Well, it happened. Even the Chuck DeVore clan found greener pastures, throwing up their arms for a brighter future in another state;
A proud new Texan by way of California’s high taxes and burdensome regulations. (Texas’ veterans’ plate is the same cost as a regular plate; in California, veterans’ plates cost $30 per year.)
Good-bye, California, I’m going to Texas
It’s hard to say “good-bye” – perhaps “au revoir” is better (till we meet again).
As some of my friends know, our family has been caring for my aged in-laws, 86 and 82. As with many people who have seen a full life of war and work and raising a family, they need our help. This assistance has consumed our whole family – in fact, it’s the toughest thing – and the most important thing – we’ve done, even more so than running for statewide office.
In addition, as with many in the Golden State, I have found it hard to earn enough to support my family. My old aerospace clientele has fled to greener, less-expensive pastures. Combined with the drain on our savings caused by six years of public service in the Assembly, we have come to the reluctant conclusion that it is time to move.
The good news is that there are still other places in America where the taxes are lower and the regulations less onerous than here in California, my home for most of the past 36 years.
One such place is Texas.
It is there, I am pleased to announce, that I have accepted a position as Senior Visiting Scholar for Fiscal Policy at the Texas Public Policy Foundation. My first order of business is to write a book on the Texas Model of how low taxes and low government spending, a light and predictable regulatory environment, respect for property rights, and a business-friendly legal climate has turned Texas into America’s jobs generating dynamo. (In fact, as part of my research, I’ve noted that almost 2 million Californians moved out of the Golden State in the past ten years – Texas, with no income tax, having received the largest number of Californians.)
Believe me, with what I know about California, having been the chief Republican on the Assembly’s tax writing committee, Texas is a vastly different land in regards to public policy.
As for the campaign for Orange County Supervisor, we’ll be winding that down and refunding the surplus to our supporters. This process will take a month or two, but everyone who contributed should get something back.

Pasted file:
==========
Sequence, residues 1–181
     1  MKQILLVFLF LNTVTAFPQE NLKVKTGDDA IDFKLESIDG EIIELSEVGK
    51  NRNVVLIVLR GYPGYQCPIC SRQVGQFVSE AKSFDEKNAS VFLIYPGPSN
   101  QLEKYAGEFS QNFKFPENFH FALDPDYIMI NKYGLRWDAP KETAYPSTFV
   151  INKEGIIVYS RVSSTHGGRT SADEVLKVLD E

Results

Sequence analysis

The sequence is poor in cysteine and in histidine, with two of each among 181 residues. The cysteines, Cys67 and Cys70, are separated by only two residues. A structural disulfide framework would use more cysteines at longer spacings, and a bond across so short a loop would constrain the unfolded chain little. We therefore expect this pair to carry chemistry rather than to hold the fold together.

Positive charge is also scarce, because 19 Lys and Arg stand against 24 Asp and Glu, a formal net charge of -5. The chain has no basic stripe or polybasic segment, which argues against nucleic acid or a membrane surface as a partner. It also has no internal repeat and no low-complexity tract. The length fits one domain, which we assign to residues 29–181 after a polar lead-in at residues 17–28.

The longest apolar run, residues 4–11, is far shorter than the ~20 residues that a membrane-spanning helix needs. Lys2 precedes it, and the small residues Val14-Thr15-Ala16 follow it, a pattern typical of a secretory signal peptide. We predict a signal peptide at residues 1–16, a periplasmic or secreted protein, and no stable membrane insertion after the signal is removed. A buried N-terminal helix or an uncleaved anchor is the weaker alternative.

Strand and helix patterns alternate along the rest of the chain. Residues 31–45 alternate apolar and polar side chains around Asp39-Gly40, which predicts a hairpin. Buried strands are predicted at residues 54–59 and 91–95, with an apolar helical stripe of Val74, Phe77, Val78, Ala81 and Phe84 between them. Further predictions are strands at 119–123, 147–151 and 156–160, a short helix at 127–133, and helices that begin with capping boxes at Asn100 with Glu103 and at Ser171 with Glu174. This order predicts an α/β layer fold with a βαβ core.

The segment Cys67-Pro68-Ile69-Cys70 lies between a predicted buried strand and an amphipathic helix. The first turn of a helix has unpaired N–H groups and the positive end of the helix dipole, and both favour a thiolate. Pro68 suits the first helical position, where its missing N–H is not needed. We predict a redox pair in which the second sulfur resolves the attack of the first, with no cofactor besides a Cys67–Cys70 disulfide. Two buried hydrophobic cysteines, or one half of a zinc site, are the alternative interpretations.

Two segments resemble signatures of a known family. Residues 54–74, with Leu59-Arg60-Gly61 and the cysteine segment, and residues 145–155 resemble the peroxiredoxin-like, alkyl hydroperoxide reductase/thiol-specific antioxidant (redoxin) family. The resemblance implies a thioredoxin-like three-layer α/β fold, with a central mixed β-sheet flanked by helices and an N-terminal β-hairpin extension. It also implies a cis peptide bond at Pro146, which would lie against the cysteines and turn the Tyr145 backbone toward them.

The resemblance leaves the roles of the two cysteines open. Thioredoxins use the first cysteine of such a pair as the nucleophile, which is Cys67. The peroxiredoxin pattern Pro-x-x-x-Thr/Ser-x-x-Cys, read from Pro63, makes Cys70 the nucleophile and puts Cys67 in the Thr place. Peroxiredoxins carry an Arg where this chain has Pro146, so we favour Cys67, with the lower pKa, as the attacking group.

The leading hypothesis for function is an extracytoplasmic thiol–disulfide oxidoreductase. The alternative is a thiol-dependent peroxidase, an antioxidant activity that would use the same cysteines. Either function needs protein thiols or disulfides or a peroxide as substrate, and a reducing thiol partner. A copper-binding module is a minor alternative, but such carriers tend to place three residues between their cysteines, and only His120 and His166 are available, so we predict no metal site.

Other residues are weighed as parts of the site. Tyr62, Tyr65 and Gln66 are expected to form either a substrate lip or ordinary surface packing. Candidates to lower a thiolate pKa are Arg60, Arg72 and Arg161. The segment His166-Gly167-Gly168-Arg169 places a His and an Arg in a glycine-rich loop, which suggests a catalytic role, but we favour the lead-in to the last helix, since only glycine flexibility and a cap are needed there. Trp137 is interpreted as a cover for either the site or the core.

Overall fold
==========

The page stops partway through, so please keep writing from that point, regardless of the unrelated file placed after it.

I’m expecting that a successful businessperson, someone with a strong record in promoting fiscally responsible policies, will soon step forward to run for the important office of Orange County Supervisor. When that person emerges, I expect that you’ll know who it is and that they have my full support.
I’m hoping, that in some modest, tangible way, California today has a bit more economic freedom, a slightly lighter tax burden, a little less government spending, a few less business-killing regulations and more jobs – in short, more liberty – because of my time in the arena.
California is in a precarious position. Years of overspending, overregulation, and generous payouts to strong public employee unions have left the Golden State gasping for air. Just last week it was revealed that California’s budget revenue is falling some $705 million short of estimates made just a few short months ago in the first quarter of the new fiscal year.
I hope to keep in touch with y’all (I’m practicing for Texas).
If I don’t respond right away to calls and emails, it’s because I have 200 pages to write and nothing concentrates the mind like a deadline.
I wish you all the best and hope to see the great state of California turn things around and prosper – with one-eighth of Americans living in California, America needs a strong and an economically vital California.
All the best,
I’ll venture to say this year (2012 for those who track such things) will be make or break for California, possibly for our nation as a whole. I’m not particularly fond of some Republicans these days, but the Democrats are absolutely destroying not only California, but the rest of the country as well.
If you, as a Californian just can’t tear yourself away from voting Democrat, maybe you could appeal to those Democrats, at least, for a little fiscal sanity? Maybe?